Music plays for 10 minutes at the start of your session to help you relax. (music can play for the entire duration also)
Float for an hour.
Music plays for the last five minutes of your session.
Get out of the tank once your session has ended.
Shower again and get dressed.
To help you relax and get the most out of your session, it is recommended that you eat something approximately 30 minutes before your session. It’s also helpful to avoid caffeine for four hours beforehand. Shaving or waxing before a session is not recommended as the salt in the water can irritate the skin. Women who are menstruating should reschedule their session for once their period has ended.
Takeaway When used properly, a sensory deprivation tank can help relieve stress and ease muscle tension and pain. It can also help improve your mood. Sensory deprivation tanks are safe, however it may be a good idea to speak to a doctor before using one if you have any medical conditions or concerns.
Article courtesy of Healthline
Last medically reviewed on September 14, 2018
16 sources expanded Healthline has strict sourcing guidelines and relies on peer-reviewed studies, academic research institutions, and medical associations. We avoid using tertiary references. You can learn more about how we ensure our content is accurate and current by reading our editorial policy.
Bood SA, et al. (2009). Treating stress-related pain with the flotation restricted environmental stimulation technique: Are there differences between women and men? DOI: http://dx.doi.org/10.1155/2009/298935
Carder K. (2018). What is the lived experience of flotation-REST? https://www.researchgate.net/publication/325176720_What_is_the_Lived_Experience_of_Floatation-REST
Daniel C, et al. (2014). Psychotic-like experiences and their cognitive appraisal under short-term sensory deprivation. DOI: http://doi.org/10.3389/fpsyt.2014.00106
Daniel C, et al. (2015). Predicting psychotic-like experiences during sensory deprivation. DOI: http://doi.org/10.1155/2015/439379
Driller MW, et al. (2016). Flotation restricted environmental stimulation therapy and napping on mood state and muscle soreness in elite athletes: A novel recovery strategy? DOI: https://doi.org/10.1016/j.peh.2016.08.002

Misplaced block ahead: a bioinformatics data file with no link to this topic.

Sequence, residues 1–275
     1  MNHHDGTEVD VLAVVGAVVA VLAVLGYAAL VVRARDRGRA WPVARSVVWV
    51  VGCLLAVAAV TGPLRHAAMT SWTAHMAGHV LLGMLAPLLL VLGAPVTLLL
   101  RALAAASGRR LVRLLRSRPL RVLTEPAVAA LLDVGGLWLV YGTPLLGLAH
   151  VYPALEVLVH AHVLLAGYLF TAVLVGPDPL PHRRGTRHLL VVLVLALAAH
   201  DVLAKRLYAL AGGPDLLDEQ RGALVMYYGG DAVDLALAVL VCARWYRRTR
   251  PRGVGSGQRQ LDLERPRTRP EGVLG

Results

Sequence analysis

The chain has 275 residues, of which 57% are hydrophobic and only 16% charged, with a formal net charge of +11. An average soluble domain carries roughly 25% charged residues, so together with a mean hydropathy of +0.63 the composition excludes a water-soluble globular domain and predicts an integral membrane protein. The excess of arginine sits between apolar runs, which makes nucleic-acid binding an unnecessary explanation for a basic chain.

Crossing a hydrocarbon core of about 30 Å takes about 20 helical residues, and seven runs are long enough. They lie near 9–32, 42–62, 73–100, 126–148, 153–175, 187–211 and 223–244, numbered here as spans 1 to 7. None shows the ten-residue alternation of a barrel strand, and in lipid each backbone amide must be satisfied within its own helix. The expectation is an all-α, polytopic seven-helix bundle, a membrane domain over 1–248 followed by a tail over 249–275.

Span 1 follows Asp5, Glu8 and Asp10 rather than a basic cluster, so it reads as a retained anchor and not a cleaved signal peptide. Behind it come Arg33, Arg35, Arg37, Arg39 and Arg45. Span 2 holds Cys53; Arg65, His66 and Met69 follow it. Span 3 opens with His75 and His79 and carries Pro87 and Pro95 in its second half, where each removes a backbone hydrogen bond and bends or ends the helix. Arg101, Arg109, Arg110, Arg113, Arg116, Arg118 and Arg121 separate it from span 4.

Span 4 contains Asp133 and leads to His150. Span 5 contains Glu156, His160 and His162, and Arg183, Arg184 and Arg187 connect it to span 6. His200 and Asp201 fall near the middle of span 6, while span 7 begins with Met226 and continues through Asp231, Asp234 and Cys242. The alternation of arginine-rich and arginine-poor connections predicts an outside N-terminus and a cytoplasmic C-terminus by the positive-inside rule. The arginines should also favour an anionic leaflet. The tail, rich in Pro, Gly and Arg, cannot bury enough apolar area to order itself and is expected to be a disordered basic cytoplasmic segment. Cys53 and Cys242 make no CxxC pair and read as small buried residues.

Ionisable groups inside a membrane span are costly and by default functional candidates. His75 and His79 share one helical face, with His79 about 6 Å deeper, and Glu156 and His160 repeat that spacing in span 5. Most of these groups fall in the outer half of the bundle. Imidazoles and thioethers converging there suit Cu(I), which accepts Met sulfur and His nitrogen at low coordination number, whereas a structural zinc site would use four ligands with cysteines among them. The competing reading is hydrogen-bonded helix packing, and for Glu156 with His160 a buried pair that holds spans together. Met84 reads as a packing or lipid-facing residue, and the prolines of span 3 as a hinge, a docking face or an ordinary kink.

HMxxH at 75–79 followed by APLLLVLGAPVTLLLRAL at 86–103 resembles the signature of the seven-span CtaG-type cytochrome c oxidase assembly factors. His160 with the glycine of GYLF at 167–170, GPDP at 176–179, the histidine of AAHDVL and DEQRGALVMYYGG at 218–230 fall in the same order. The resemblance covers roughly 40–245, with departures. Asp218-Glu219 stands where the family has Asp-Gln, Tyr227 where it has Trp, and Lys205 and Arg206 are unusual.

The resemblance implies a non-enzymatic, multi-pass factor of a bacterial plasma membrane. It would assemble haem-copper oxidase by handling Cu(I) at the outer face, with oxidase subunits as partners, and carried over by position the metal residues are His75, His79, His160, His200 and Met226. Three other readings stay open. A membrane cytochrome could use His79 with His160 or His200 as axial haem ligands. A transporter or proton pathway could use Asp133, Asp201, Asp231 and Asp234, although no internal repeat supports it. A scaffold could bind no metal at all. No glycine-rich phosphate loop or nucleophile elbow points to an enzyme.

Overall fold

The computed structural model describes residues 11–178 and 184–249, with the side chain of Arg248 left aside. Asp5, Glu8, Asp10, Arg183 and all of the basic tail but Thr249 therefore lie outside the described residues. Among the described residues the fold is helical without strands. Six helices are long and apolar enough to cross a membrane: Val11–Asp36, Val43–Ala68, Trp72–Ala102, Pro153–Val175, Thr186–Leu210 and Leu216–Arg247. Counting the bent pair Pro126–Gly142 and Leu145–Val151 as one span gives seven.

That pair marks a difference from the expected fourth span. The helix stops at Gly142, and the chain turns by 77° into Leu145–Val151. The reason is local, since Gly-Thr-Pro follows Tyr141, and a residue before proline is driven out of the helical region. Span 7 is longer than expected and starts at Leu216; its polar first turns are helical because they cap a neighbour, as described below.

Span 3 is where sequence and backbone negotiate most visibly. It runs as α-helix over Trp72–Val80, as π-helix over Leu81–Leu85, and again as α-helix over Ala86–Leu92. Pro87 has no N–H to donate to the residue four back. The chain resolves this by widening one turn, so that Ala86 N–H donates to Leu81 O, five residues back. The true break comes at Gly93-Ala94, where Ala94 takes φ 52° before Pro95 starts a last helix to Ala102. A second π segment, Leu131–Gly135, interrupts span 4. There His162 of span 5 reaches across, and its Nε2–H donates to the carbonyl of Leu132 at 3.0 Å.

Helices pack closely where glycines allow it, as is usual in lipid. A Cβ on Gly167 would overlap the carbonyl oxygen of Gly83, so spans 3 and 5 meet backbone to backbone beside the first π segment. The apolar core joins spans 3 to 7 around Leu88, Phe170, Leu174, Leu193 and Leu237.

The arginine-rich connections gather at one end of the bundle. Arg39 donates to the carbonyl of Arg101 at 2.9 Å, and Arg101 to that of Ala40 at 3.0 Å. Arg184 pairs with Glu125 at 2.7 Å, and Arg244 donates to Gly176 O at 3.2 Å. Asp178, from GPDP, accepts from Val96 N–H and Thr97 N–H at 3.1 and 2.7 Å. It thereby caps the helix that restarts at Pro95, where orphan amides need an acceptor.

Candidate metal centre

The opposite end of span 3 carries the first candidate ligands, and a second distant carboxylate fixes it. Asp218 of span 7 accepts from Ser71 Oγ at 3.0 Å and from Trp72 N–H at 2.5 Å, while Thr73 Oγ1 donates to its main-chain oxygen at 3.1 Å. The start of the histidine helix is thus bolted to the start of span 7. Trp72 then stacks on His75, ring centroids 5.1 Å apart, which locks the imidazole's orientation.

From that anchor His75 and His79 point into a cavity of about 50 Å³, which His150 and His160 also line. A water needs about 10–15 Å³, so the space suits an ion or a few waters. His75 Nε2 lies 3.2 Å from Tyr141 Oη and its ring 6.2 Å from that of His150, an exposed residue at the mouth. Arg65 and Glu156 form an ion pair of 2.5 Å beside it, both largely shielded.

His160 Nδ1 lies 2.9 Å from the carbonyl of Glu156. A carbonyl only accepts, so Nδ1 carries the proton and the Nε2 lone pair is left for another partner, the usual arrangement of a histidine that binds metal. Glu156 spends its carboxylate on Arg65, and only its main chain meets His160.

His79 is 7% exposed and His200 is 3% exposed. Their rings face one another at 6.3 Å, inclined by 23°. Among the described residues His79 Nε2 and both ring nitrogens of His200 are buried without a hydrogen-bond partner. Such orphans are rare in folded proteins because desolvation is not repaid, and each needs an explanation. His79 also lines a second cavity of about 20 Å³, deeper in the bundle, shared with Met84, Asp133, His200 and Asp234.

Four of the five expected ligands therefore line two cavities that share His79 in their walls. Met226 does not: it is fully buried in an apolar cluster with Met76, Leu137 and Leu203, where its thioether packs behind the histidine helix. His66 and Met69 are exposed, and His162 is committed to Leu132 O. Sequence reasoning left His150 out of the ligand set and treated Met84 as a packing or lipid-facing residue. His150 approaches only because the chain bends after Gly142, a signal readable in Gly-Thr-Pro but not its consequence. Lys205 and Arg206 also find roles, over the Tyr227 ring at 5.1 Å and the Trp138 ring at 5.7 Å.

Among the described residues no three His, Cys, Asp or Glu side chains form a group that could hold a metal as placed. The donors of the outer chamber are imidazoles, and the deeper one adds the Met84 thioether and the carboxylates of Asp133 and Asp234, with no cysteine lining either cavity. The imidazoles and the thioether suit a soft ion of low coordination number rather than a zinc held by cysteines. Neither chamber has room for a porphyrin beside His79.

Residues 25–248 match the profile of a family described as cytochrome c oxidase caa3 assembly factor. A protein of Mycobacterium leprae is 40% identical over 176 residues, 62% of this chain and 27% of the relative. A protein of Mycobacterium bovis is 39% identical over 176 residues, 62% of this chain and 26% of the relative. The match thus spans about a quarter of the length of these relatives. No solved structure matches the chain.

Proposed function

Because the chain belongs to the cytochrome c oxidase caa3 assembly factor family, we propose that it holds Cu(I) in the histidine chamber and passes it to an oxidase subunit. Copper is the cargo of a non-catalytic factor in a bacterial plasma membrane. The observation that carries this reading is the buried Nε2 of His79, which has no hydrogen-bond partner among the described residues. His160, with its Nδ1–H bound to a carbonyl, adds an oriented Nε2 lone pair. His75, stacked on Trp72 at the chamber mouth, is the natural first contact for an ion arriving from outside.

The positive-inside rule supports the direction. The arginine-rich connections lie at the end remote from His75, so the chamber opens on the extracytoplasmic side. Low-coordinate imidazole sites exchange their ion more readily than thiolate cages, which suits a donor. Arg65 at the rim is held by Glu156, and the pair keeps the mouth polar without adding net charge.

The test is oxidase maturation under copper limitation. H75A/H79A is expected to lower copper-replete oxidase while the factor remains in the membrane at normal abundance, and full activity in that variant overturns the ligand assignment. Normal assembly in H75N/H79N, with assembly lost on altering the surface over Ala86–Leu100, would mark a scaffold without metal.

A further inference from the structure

Edebol H, et al. (2008). Chronic Whiplash-Associated Disorders and Their Treatment Using Flotation-REST (Restricted Environmental Stimulation Technique). DOI: https://doi.org/10.1177/1049732308315109
Feinstein JS, et al. (2018). The elicitation of relaxation and interoceptive awareness using floatation therapy in individuals with high anxiety sensitivity. DOI: https://doi.org/10.1016/j.bpsc.2018.02.005
Feinstein JS, et al. (2018). Examining the short-term anxiolytic and antidepressant effect of Floatation-REST. DOI: https://doi.org/10.1371/journal.pone.0190292
Float tanks guidelines for regulating floatation systems as special use pools. (2017). https://www.doh.wa.gov/Portals/1/Documents/Pubs/333-219.pdf
Jonsson K, et al. (2014). Curing the sick and creating supermen – How relaxation in flotation tanks is advertised on the Internet. DOI: https://doi.org/10.1016/j.eujim.2014.05.005
Jonsson K, et al. (2016). Promising effects of treatment with flotation-REST (restricted environmental stimulation technique) as an intervention for generalized anxiety disorder (GAD): a randomized controlled pilot trial. DOI: https://doi.org/10.1186/s12906-016-1089-x
Kjellgren A, et al. (2014). Beneficial effects of treatment with sensory isolation in flotation-tank as a preventive health-care intervention – a randomized controlled pilot trial. DOI: https://doi.org/10.1186/1472-6882-14-417
Kjellgren A, et al. (2011). Preventing sick-leave for sufferers of high stress-load and burnout syndrome: A pilot study combining psychotherapy and the flotation tank. http://www.ijpsy.com/volumen11/num2/299/preventing-sick-leave-for-sufferers-of-high-EN.pdf
Mason OJ, et al. (2009). The psychotomimetic effects of short-term sensory deprivation. DOI: https://doi.org/10.1097/NMD.0b013e3181b9760b
Morgan PM, et al. (2013). The acute effects of flotation restricted environmental stimulation technique on recovery from maximal eccentric exercise. DOI: https://doi.org/10.1519/JSC.0b013e31828f277e doi.org/10.2147/OAEM.S17853
Pastakia K, et al. (2011). Acute whiplash associated disorders (WAD). DOI:
Interested in trying this incredible experience or want to learn more about it? Contact us today to find out more or book in and find relief sooner!